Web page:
An Upward Trajectory
Key transitions fuel China’s economic takeoff
Since the founding of the People’s Republic of China (PRC), especially since reform and opening up began in the late 1970s, China has gone from an underdeveloped agricultural country to the second largest economy in the world. Whereas the Chinese economy accounted for only 5.2 percent of the world economy in 1952, the figure grew to 15 percent in 2018. Thus, it is relevant to review the path China has traveled at a time when it is celebrating 70 years of development and eyeing greater progress.
In retrospect, China’s transformation is most notable in the following eight aspects:
Transition from a backward agricultural country to a modern industrialized nation. In 1949, China’s industrial and agricultural output was only a small fraction of what it is today. In particular, heavy industry accounted for only 4.5 percent of China’s industrial and agricultural output. In order to accelerate the transformation from an agricultural to an advanced industrial country, China started to promote industrialization during the planned economy era. In 70 years of development, China has established a complete modern industrial system and become a major manufacturer.
Transition from a planned economy to a market economy. China established socialist public ownership as its basic economic system at the beginning of the PRC. It adopted a planned economic system after the Third Plenary Session of the Seventh Central Committee of the Communist Party of China (CPC) in 1950. At the end of 1978, the Third Plenary Session of the 11th CPC Central Committee kickstarted China’s economic system reform, which unleashed market forces. The Third Plenary Session of the 18th CPC Central Committee in 2013 pointed out that economic reform should focus on dealing with the relationship between the government and the market, enabling the market to play a decisive role in resource allocation while giving better play to the government’s role.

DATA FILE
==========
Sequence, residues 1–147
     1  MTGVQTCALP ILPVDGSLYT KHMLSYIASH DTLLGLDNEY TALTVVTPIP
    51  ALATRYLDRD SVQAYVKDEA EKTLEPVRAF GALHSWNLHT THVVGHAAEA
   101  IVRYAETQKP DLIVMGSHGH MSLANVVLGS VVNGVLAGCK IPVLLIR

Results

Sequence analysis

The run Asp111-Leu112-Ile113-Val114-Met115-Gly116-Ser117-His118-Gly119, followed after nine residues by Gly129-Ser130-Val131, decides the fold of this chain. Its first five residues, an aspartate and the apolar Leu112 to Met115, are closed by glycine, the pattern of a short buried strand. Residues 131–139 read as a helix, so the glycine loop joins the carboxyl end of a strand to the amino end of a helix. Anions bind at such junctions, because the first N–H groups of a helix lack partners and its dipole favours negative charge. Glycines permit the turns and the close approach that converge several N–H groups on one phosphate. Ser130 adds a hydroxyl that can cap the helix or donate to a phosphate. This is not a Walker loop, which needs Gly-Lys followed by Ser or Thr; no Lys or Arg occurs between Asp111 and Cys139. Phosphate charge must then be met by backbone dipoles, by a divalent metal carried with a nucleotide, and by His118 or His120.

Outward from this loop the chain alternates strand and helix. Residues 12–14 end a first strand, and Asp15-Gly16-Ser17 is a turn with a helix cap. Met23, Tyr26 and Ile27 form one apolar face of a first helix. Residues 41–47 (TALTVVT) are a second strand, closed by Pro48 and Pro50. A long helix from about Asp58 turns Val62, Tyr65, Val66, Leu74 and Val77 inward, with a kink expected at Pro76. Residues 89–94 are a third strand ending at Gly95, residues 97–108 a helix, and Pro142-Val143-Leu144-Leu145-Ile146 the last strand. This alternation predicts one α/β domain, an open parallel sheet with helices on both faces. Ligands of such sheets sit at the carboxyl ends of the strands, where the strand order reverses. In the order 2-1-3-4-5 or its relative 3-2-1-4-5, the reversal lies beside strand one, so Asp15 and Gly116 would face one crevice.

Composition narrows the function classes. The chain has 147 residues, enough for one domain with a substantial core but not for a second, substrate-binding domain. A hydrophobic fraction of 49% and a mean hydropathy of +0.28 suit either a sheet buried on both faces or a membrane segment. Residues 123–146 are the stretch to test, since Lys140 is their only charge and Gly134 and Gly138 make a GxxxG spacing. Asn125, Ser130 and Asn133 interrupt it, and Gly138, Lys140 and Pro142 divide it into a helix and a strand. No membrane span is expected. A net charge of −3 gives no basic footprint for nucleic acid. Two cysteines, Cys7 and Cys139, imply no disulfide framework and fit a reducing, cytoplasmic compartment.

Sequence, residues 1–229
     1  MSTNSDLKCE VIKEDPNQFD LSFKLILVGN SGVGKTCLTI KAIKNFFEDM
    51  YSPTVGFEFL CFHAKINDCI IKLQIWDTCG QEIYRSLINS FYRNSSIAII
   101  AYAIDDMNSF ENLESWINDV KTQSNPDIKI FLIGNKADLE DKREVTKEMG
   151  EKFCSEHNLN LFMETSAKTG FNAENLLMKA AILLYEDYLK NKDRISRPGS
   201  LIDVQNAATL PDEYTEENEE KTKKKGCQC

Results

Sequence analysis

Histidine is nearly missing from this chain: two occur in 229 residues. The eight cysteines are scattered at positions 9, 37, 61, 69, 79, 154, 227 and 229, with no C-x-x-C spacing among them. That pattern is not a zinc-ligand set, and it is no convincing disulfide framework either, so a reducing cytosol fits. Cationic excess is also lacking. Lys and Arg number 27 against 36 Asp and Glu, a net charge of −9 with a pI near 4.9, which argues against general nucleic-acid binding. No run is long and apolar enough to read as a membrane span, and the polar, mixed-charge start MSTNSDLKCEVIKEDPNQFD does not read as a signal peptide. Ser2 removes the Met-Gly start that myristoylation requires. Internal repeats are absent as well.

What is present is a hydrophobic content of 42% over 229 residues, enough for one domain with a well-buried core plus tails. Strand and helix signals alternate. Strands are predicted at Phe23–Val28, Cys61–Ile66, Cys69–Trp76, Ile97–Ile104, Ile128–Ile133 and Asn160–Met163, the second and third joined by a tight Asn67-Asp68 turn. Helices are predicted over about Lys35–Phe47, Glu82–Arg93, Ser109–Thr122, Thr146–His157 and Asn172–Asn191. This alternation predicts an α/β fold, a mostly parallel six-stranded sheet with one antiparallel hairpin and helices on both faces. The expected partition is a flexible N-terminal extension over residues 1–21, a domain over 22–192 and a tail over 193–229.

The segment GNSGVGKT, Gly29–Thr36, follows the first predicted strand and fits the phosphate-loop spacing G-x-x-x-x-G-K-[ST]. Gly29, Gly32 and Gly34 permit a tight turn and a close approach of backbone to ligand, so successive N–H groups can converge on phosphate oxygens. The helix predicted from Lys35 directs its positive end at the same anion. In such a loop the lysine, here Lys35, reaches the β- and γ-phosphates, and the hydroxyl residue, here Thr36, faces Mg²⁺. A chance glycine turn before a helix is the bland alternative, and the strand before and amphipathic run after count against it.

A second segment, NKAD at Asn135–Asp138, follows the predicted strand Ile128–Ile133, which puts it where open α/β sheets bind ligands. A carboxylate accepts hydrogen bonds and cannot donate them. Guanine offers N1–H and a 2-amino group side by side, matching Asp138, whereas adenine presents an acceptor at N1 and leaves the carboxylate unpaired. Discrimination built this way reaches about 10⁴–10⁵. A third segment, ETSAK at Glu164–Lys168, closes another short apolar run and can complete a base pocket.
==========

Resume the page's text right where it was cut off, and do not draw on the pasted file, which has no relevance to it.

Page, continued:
Transition from an extensive growth model to an intensive one. Before reform and opening up, China adopted an extensive growth model featuring the expansion of quantity and scale, and high resource consumption. Spending was low while saving was high. Heavy industry was prioritized and there was more focus on speed than efficiency. Since reform and opening up began, China has placed more emphasis on science, technology and education and begun to shift to a more intensive growth model. The efficiency of production factors has improved, along with the contribution of science, technology and human resources to economic growth.
Transition from a monolithic economic structure to a diversified one. China’s industrial structure before reform and opening up was undiversified given its public ownership, planned economy and overemphasis on the development of heavy industries. Since the advent of reforms, China’s economic structure has become more diversified, with various forms of ownership coexisting and public ownership playing a dominant role.